NPR logo Taliban Fighters Overrun Afghan Security Forces, Reported In Control Of Kunduz

International

Taliban Fighters Overrun Afghan Security Forces, Reported In Control Of Kunduz

Alleged Taliban militants patrol on an Afghan police vehicle in Kunduz, Afghanistan. The Taliban is believed to have taken control of Kunduz, their first capture of a major urban area since the U.S. invasion of 2001. i

Alleged Taliban militants patrol on an Afghan police vehicle in Kunduz, Afghanistan. The Taliban is believed to have taken control of Kunduz, their first capture of a major urban area since the U.S. invasion of 2001. Stringer/EPA/Landov hide caption

toggle caption Stringer/EPA/Landov
Alleged Taliban militants patrol on an Afghan police vehicle in Kunduz, Afghanistan. The Taliban is believed to have taken control of Kunduz, their first capture of a major urban area since the U.S. invasion of 2001.

Alleged Taliban militants patrol on an Afghan police vehicle in Kunduz, Afghanistan. The Taliban is believed to have taken control of Kunduz, their first capture of a major urban area since the U.S. invasion of 2001.

Stringer/EPA/Landov

Hundreds of Taliban militants stormed the Afghan city of Kunduz early Monday, reportedly taking control of a hospital, freeing hundreds of prisoners and advancing towards the city's airport.

In what appears to be a well-coordinated, multi-pronged attack, Taliban fighters converged from different directions, stunning security forces. The Associated Press reports this is "the first time insurgents have seized a major urban area since the 2001 U.S.-led invasion."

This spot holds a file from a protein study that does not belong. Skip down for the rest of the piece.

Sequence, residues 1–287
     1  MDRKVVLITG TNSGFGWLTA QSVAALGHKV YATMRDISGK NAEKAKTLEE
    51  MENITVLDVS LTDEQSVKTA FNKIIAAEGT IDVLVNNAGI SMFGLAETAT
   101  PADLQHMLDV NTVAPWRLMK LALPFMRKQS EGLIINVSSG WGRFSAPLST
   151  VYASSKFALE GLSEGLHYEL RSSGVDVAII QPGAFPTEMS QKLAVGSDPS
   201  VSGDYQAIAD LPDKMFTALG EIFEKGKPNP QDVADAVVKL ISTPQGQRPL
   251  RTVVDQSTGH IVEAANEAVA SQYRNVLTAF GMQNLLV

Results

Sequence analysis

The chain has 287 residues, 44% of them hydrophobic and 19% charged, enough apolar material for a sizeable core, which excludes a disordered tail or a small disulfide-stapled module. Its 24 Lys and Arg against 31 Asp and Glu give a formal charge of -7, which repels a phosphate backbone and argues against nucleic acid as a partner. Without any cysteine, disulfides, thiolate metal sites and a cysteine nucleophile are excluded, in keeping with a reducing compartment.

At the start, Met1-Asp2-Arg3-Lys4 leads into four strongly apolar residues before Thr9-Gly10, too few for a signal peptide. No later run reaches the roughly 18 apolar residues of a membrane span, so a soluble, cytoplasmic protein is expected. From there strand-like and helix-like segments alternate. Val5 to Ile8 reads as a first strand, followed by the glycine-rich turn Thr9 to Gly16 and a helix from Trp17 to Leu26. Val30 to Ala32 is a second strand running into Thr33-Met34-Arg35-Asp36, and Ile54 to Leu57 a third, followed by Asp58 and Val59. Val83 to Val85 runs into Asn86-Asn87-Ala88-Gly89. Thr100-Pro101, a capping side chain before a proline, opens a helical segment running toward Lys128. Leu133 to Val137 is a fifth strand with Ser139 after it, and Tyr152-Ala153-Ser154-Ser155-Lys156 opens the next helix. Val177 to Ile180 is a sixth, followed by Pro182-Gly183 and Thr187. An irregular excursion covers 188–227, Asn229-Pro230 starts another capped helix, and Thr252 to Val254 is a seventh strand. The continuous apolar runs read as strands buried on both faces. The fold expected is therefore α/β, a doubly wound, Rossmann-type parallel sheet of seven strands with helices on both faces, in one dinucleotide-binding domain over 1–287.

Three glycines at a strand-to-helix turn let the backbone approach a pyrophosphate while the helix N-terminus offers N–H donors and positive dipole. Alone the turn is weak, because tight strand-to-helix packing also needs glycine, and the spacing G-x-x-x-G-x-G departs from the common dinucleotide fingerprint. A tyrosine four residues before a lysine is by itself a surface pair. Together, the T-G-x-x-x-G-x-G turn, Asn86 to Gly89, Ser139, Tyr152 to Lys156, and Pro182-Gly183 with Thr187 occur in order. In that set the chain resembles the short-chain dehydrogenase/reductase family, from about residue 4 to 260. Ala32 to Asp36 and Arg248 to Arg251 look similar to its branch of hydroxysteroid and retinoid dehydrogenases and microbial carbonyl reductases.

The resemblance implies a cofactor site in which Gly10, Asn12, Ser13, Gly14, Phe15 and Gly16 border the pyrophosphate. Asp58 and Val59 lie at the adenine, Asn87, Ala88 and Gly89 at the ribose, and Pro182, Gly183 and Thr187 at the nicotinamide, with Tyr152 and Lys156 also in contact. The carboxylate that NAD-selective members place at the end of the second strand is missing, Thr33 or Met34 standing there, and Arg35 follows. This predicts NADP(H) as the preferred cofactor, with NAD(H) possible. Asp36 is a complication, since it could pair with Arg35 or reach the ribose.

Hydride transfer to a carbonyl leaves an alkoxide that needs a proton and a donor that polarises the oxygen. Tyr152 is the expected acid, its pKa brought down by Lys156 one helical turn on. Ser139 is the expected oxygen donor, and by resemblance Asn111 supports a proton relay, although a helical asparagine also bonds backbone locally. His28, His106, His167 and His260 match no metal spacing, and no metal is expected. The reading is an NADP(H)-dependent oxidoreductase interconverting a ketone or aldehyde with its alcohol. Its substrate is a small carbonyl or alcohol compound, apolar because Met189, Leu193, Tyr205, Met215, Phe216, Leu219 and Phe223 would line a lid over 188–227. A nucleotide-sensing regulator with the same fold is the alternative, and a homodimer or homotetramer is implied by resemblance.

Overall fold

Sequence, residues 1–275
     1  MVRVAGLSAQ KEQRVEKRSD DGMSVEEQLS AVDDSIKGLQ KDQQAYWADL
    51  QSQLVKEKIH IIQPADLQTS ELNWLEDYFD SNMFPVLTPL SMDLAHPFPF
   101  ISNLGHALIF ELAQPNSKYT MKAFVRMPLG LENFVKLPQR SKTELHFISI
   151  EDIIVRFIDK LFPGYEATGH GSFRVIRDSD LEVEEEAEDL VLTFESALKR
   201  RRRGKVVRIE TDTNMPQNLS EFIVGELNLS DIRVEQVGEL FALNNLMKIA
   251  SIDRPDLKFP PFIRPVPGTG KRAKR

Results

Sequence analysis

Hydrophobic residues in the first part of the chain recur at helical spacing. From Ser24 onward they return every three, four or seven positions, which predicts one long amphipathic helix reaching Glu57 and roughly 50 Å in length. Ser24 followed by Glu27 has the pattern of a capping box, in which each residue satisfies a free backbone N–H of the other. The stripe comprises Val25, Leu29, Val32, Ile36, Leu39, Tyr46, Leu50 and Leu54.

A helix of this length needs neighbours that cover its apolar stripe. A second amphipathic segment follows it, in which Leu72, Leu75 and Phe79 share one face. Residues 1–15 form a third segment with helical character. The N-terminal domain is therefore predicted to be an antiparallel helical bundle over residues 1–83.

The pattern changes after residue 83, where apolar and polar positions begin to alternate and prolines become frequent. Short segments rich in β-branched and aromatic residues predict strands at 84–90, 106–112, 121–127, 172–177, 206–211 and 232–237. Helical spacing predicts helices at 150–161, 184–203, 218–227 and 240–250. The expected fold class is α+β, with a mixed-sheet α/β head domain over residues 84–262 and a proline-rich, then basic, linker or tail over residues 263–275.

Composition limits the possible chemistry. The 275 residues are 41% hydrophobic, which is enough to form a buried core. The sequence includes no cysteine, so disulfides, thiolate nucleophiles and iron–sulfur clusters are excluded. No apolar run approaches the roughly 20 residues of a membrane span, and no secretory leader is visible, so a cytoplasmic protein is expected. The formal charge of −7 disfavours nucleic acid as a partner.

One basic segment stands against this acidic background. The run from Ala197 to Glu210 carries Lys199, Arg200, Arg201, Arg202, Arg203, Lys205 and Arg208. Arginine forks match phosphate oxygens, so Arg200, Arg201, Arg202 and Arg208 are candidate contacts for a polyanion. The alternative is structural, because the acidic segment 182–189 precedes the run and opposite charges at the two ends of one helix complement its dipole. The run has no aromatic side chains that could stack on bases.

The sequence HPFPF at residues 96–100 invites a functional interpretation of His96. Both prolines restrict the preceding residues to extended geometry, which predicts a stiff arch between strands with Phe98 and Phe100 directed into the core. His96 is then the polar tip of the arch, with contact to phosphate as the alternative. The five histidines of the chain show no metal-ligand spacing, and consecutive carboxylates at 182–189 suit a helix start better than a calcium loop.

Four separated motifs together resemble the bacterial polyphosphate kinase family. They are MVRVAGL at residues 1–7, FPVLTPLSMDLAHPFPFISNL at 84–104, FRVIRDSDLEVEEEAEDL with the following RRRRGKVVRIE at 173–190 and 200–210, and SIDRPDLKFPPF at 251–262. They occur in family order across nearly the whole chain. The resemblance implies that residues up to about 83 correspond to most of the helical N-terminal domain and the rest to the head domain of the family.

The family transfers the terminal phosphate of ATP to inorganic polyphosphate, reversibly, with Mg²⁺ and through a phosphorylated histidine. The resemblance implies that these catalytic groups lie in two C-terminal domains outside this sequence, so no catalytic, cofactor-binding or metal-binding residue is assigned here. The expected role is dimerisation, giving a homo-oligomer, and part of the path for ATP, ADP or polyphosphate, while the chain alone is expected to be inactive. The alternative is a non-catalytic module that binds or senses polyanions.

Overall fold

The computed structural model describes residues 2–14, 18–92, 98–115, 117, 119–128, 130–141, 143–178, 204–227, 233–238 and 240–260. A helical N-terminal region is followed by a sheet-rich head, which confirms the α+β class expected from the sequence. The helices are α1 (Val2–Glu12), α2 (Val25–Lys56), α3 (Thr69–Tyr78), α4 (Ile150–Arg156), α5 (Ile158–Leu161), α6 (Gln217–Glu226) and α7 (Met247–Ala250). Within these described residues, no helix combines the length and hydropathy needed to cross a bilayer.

The AP adds:

"More than 600 prisoners, including 140 Taliban fighters, were released from the city's jail, and many people were trying to reach the airport to flee the city.

" 'Kunduz city has collapsed into the hands of the Taliban,' Interior Ministry spokesman Sediq Sediqqi told the Associated Press. 'Security forces in Kunduz were prepared for an attack, but not one of this size, and not one that was coordinated in 10 different locations at the same time.'

"The Taliban used social media to claim the 'conquest' of Kunduz and reassure residents that the extremist group — responsible for the vast majority of nearly 5,000 civilian casualties in the first half of this year, according to the United Nations — came in peace."

Kunduz is one of Afghanistan's richest cities. It's also been a repeat target of Taliban attacks. The fall of Kunduz would represent a major setback for state forces that have had difficulty holding off insurgent fighters since the U.S. and NATO took on more of a support role in Afghanistan last year.

This is just the latest in a series of clashes between insurgents and government fighters in the northeastern province, CNN reports.

"Interior Ministry spokesman Sediq Sediqqi said Afghan security forces were holding off Taliban forces trying to free prisoners and take over government buildings.

"The Taliban claimed to have seized a 200-bed hospital, posting photos to social media that they claimed proved their control of the facility. [Kunduz province police spokesman Sayed Sarwar Hussaini] denied claims that the insurgents held any government buildings.

"Taliban forces were firing heavy weapons indiscriminately throughout the city, leading to dozens of civilians being wounded or killed, Sediqqi told CNN."

NPR's Phillip Reeves speaking on All Things Considered Monday said the attack is being seen as a "major test" for the Afghan government who is mounting a response.

"They are saying that the situation is 'fluid,' and that they sent in reinforcements. It's yet to be seen whether those reinforcements will be effective. This is a major test for the government of President Ashraf Ghani, which is about to mark its first anniversary in power. You know, this is sold as being seen as the biggest breach of a provincial city in Afghanistan since the Taliban were thrown out of power."

Comments

 

Please keep your community civil. All comments must follow the NPR.org Community rules and terms of use, and will be moderated prior to posting. NPR reserves the right to use the comments we receive, in whole or in part, and to use the commenter's name and location, in any medium. See also the Terms of Use, Privacy Policy and Community FAQ.